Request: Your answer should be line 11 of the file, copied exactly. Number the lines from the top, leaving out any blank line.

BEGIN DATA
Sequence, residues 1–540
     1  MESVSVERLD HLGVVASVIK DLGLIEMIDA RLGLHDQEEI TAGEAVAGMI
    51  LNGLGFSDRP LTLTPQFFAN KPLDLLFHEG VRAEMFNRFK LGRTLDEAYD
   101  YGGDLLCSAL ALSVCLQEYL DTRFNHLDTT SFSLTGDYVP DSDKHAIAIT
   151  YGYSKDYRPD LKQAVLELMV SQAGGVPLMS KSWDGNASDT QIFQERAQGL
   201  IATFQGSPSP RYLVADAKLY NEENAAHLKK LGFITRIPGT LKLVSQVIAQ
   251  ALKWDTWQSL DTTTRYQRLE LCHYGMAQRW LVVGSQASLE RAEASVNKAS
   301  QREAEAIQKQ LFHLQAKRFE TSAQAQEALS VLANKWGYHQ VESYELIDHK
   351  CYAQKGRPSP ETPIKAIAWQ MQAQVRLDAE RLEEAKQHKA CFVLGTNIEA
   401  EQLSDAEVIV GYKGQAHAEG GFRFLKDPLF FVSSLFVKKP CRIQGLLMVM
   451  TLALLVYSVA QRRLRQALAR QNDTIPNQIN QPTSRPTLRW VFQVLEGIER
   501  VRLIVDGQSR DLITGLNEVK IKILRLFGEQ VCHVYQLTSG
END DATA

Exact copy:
   451  TLALLVYSVA QRRLRQALAR QNDTIPNQIN QPTSRPTLRW VFQVLEGIER